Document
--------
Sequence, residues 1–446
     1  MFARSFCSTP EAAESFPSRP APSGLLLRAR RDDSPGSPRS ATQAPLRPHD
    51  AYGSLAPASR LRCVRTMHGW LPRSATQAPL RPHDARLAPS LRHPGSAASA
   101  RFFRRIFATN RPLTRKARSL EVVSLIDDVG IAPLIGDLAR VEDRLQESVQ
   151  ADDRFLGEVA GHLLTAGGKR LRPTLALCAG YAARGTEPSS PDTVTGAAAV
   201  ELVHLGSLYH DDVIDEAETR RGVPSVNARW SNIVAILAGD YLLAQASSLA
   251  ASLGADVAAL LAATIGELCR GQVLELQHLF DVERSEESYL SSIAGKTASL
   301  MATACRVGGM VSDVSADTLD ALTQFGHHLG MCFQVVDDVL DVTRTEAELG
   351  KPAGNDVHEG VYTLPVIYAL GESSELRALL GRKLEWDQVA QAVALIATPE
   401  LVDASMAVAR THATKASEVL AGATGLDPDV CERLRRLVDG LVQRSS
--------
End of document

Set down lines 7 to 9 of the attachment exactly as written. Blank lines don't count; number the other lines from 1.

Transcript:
   251  ASLGADVAAL LAATIGELCR GQVLELQHLF DVERSEESYL SSIAGKTASL
   301  MATACRVGGM VSDVSADTLD ALTQFGHHLG MCFQVVDDVL DVTRTEAELG
   351  KPAGNDVHEG VYTLPVIYAL GESSELRALL GRKLEWDQVA QAVALIATPE